The Kane County State's Attorney's Office is taking its anti-bullying program on the road.
It recently finished a three-part seminar for students, teachers and staff at an East Dundee private school and is in the process of completing a program at South Elgin High School.
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Ken Becker, principal at Immanuel Lutheran School in East Dundee, where prosecutors talked to students in grades second through eighth, said he would give the program a B-plus.
A key part of the program is having students begin a sentence that begins with the word "STOP," which is short for Stop Treating Other People, and complete it with an example of a bullying behavior.
Becker said for some students it was difficult for them to understand what to write. Others gave extreme hypothetical examples, such as a person being punched, which doesn't necessarily occur at the school on a daily basis.
Becker said he felt the program was worthwhile and helpful and is considering having State's Attorney Joe McMahon's staff return next year.
Originally, the staff was going to have officials talk to students in third grade and older, but it was expanded to include second-graders as well because teachers want to get the message to students sooner. "Bullying is not a major problem here," Becker said of the school, which serves about 230 kindergartners through eighth-graders. "But I'm glad we had it and did it at the beginning of the year. We want to stop it right away."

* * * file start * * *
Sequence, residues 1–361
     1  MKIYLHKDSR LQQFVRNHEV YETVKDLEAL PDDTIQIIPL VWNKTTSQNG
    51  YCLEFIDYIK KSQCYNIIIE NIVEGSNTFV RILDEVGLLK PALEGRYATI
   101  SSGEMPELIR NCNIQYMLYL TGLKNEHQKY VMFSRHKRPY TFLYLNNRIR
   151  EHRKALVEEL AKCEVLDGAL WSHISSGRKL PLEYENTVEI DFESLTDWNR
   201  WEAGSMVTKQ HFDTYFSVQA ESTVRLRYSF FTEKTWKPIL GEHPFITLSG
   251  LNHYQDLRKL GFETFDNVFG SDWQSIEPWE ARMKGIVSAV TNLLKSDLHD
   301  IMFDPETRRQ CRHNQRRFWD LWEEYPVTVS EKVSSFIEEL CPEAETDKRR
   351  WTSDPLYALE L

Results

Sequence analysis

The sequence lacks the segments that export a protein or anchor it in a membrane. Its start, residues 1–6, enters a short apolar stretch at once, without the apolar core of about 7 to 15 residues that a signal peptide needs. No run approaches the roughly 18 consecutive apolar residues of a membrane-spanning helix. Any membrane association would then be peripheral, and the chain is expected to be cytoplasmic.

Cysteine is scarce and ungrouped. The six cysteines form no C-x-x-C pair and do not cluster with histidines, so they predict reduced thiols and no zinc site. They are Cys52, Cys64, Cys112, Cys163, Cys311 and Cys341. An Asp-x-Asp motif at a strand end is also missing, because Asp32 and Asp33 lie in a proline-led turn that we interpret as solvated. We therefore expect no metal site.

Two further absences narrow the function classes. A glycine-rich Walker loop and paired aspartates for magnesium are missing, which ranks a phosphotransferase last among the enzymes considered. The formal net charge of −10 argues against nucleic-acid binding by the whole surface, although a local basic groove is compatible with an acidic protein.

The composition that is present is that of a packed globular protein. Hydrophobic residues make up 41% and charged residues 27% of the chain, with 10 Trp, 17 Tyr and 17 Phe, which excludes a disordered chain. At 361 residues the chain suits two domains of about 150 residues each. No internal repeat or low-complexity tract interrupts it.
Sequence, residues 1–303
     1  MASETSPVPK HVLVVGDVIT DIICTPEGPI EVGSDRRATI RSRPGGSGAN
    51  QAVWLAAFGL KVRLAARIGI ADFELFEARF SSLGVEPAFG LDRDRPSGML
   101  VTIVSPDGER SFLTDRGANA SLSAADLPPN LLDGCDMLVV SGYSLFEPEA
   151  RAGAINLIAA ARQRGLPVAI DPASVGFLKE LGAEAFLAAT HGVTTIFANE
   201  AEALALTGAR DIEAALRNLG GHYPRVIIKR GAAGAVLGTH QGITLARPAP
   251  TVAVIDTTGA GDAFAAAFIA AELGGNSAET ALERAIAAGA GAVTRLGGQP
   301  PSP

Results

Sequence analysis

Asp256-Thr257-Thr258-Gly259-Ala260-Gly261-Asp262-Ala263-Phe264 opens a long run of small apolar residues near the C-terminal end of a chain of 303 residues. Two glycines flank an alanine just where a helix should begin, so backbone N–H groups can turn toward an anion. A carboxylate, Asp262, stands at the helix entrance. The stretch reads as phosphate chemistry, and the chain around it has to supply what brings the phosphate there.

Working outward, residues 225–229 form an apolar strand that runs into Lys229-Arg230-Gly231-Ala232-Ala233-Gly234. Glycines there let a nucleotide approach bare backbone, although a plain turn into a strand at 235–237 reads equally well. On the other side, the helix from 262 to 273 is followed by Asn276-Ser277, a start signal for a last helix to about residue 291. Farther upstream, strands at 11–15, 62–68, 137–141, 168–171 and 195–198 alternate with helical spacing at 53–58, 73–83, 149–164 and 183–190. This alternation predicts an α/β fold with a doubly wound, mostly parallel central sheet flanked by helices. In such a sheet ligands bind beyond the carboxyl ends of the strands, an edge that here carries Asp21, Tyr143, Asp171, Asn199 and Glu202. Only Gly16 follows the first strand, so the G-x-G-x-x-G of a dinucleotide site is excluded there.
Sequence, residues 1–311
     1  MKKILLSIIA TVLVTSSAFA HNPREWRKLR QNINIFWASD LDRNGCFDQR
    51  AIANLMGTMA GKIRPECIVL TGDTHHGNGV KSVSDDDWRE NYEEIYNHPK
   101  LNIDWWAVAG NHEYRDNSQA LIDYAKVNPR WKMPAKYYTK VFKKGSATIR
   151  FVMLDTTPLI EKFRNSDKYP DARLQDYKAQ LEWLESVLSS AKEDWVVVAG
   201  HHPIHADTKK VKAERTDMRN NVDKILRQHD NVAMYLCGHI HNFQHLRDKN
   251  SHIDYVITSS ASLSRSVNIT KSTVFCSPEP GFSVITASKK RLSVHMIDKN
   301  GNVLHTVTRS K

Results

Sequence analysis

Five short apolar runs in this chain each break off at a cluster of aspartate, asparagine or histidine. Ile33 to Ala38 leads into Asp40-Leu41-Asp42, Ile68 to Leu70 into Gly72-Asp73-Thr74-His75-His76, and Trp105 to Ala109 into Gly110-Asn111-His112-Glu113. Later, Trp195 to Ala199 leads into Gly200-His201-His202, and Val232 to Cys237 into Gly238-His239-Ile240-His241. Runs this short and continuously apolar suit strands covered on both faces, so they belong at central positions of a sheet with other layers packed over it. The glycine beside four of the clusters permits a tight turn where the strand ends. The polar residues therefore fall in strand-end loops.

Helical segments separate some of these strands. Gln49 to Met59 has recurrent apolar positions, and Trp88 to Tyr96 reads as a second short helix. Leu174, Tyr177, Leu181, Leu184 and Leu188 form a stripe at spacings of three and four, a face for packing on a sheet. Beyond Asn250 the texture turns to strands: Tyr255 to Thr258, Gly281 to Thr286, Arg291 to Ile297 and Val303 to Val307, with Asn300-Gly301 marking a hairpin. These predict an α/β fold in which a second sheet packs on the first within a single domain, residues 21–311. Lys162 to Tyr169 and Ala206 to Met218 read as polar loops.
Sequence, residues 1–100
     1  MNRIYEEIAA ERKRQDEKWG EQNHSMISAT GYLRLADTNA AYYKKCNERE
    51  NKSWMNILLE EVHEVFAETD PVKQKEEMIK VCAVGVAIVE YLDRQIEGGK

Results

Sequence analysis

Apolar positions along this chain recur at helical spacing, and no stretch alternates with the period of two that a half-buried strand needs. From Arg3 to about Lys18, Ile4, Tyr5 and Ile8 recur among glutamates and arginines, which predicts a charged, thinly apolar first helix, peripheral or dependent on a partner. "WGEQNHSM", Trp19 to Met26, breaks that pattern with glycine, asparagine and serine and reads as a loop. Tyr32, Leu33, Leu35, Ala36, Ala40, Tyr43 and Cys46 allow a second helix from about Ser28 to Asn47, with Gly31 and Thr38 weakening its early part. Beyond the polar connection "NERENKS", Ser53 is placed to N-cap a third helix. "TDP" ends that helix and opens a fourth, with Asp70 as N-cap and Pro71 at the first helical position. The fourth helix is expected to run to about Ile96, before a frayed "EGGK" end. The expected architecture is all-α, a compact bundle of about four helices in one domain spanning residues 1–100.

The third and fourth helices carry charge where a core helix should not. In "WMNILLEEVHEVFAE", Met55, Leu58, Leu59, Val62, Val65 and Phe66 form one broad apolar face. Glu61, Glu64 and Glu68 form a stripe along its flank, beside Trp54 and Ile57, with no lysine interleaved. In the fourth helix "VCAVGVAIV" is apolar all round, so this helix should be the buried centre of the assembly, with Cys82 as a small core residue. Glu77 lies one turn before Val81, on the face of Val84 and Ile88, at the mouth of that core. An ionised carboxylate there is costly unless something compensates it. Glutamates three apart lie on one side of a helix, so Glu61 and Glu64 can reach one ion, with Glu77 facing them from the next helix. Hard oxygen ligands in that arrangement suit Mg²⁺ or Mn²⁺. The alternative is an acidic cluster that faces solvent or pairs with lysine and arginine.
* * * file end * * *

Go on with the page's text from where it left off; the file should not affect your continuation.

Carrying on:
In the program, prosecutors have three sessions at a school, one each for students, parents and teachers. Assistant State's Attorney Jamie Mosser handles most of the program, which has been around for abut two years.
McMahon said he was surprised to learn some students were using the photo sharing program Instagram to bully others.
He warned that cyberbullying through images can be more hurtful than playground bullying.
"There's a level of permanency there that doesn't exist (compared) to when you say something on the playground," he said.
He noted that his office only gets involved in extreme instances where there is an injury to a person or theft of property.
But McMahon also wants students to know that this type of behavior is not acceptable, and that adults will listen and help.
"You don't have to just take this in silence and think it's normal," McMahon said. "It's not normal and it's not acceptable."